Tag: poetry

A review of Third Wednesday Poets by L.E Berry, Linda Ruth Brooks, Gail Hennessy, Rina Robinson, Jo Tregellis

Working together each week the women built up their repertoire and began to hone their skills.  The result is this anthology, which takes the best of their work, and presents, not only poetry, but a story about the writing process, a record of development, and a rather instructive and illustrative catalogue of poetic styles from Abecedarian to Cento, riddle poems to Tanka to Ekphrastic pieces. 

A review of Dreaming My Animal Selves by Helene Cardona

There is the belief that dreams are ideas within the unconscious mind that push their way into the conscious mind. This Freudian classification of dreams is insufficient because it creates a “tight box” around what we think dreams are. Thankfully, there are writers like Helene Cardona that move beyond this box in their work. Similarly, Cardona’s poems challenge the narrative, often found in Western cultures, that sees human beings as dominant over and against all other animals. Left unchecked, this narrative creates separation between human beings and animals that, at the core, justifies and allows for the extinction of the latter.

A review of Hotel Hyperion by Lisa Gorton

Though each of the poems stands alone and indeed many of the poems in the collection were published individually, there is an underlying story that links the work together. This is a story of memory, loss, history and hubris. It’s a story about a new future and about the relics of the past that travel with us and are left behind as we transform – individually, and as a species. The poems are self-referential, memetic – with cultural ideas and motifs travelling from one poem to another, and metapoetic in a way that is somehow both humorous (at times) and profound.

A review of Bread of the Lost by Philomena van Rijswijk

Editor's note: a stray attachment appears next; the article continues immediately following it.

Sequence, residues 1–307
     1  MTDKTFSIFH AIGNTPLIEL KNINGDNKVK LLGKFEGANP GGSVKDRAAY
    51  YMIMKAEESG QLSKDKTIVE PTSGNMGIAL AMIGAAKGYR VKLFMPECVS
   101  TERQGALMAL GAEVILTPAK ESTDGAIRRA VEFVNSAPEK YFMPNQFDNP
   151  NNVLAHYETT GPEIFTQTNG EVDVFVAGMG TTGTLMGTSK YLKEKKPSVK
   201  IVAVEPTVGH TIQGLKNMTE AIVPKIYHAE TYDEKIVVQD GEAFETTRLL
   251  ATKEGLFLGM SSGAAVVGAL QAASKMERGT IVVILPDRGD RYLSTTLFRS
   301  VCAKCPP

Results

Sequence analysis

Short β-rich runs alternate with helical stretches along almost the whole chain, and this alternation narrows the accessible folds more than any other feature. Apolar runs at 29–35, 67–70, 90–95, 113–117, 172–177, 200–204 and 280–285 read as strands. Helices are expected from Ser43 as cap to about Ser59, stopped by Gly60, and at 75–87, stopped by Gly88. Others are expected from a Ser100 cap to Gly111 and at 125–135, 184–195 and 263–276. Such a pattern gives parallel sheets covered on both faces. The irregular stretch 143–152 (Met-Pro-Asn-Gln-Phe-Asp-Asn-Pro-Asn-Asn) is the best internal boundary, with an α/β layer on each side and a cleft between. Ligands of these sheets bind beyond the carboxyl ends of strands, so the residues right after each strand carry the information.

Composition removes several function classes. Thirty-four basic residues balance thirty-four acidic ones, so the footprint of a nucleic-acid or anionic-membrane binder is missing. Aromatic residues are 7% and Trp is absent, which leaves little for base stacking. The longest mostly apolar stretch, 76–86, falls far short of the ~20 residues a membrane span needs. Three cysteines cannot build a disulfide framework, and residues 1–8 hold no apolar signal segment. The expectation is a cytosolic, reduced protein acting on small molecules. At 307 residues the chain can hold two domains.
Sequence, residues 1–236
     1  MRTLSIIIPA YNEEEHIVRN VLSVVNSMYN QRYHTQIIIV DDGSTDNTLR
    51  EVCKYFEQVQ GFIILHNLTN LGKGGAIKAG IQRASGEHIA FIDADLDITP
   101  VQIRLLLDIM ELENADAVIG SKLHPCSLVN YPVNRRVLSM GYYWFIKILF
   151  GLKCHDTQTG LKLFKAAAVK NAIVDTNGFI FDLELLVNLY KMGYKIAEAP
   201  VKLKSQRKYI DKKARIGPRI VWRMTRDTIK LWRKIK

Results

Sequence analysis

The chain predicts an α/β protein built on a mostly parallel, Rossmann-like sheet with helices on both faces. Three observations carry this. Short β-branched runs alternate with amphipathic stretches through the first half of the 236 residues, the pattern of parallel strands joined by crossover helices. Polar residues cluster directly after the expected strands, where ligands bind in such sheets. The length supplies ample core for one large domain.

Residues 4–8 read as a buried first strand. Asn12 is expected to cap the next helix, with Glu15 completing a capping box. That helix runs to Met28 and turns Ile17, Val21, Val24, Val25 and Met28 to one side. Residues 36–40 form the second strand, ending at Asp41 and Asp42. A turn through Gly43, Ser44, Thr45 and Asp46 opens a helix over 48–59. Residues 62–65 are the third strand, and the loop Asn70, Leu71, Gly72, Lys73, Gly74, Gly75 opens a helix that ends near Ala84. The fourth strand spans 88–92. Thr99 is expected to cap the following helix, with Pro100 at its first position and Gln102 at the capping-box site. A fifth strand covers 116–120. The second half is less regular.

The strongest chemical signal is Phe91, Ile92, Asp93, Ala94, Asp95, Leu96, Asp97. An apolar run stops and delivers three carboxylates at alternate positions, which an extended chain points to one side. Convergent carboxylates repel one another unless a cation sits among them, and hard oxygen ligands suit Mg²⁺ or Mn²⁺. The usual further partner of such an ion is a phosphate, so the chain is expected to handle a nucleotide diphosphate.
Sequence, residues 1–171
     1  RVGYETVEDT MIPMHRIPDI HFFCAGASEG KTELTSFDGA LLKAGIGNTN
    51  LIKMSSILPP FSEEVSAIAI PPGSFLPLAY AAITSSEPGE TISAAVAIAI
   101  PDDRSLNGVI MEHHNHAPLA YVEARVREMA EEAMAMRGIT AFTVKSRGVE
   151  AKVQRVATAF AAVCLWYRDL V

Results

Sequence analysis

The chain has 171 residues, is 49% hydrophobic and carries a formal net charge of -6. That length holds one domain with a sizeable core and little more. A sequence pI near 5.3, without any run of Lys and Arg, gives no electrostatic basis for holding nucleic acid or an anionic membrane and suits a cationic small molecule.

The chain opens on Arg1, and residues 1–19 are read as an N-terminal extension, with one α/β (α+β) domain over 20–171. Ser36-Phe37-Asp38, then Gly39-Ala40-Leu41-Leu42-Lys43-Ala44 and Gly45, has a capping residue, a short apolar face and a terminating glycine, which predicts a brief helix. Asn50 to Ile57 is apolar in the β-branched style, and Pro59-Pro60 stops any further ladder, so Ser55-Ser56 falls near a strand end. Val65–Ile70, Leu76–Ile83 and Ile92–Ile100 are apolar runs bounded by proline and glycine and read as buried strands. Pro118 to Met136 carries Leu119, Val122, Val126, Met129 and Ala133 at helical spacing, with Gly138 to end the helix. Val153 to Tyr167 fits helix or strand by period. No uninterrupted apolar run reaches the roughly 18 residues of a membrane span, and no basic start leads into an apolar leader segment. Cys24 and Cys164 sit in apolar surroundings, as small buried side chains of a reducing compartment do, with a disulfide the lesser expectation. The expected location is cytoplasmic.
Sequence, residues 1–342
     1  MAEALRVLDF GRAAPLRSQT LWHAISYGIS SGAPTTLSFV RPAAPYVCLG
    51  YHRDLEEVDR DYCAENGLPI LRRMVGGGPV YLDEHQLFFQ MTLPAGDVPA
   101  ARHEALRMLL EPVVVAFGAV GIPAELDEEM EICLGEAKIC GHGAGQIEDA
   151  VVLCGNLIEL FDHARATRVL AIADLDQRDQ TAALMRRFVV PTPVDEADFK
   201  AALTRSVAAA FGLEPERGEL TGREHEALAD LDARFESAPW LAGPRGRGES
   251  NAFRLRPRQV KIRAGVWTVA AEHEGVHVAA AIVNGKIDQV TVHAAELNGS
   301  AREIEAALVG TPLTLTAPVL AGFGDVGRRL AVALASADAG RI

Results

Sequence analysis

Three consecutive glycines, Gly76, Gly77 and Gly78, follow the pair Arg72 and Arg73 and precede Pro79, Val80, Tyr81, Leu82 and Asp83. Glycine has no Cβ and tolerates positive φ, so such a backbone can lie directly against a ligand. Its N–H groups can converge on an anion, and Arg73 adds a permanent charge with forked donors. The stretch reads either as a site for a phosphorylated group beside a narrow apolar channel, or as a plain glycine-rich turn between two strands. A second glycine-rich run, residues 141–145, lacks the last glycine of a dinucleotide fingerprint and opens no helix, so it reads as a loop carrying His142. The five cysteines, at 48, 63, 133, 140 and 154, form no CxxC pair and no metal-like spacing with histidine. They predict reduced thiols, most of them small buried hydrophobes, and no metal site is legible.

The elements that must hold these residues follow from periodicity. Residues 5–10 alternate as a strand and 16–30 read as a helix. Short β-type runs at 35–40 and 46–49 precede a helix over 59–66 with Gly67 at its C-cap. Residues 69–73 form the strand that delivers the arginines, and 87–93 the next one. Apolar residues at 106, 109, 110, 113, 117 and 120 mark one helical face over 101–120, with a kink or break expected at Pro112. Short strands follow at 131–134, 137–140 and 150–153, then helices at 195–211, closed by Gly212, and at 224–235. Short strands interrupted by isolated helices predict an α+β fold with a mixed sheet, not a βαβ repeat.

In nearly all of the poems, the subject and object perform a dance where roles are reversed, aligned, torn, and reconfigured, always with a kind of skewed nourishment, as in “Strangled Collision” where the bread is the love object, imbibed and absorbed like wine and grains of rice, crushed down in a Strangler Fig embrace.

A review of Sublime Planet by Magdalena Ball and Carolyn Howard-Johnson

Sublime Planet includes a section called Sacred Lessons, Poems by Carolyn Howard-Johnson and one called Tipping Point with poems by Magdalena Ball. Two very different poets, very different styles of writing, have produced a collection united by their passion for environment, for the world that touches their skin and imbues them with its presence with every breath they take. This collection is their tribute to their world, both physical and mental; our world.

A review of Liquid Nitrogen by Jennifer Maiden

Though the description of the Nebula alone is worth the price of the book, this building up of smaller things into something larger, powerful, transformative, is exactly what Liquid Nitrogen does, taking the many cultural, political and literary characters and references, in order to create something large, complex, woven on a “spinning jenny.”

A review of Designs on the Body by Lyn Reeves

The senses are not only invoked, but mingled in such a way that the metaphors combine and grow, illuminating each moment presented in a full body experience. By the end of this book the reader feels drained, enlivened, wiser somehow, as if a full live had been lived between its pages.

A review of Poetry Kanto 2010

It seems that traditional Japanese poetic genres such as haiku, tanka, haiga and haibun bear much in common with present-day global modes. Brevity and imagist impressions of nature are universal and don’t date. When I first looked at this book I thought “Why put all these modern western poets in a Japanese collection?” But on reflection I think that good poetry is universal.

A review of a wind has blown the rain away by Ellen Mandel and Todd Almond

Though I imagine it would be easy for Mandel to grandstand or write flashy piano, in every piece, the music is delicate and subservient to the words – it’s all about Cummings and enhancing, and drawing out the meaning of each piece such that they become fresh and new. Lovers of Cummings’ poetry won’t be disappointed with this CD, which is deeply engaged with the original poetry.

A review of On the Road to Infinity by Mark Logie

The thirteen poems in this chapbook cover a range of themes, working between personal turmoil and political issues. The book works between a number of dichotomies: sickness and health, sanity and insanity, youth and age, city and wilderness.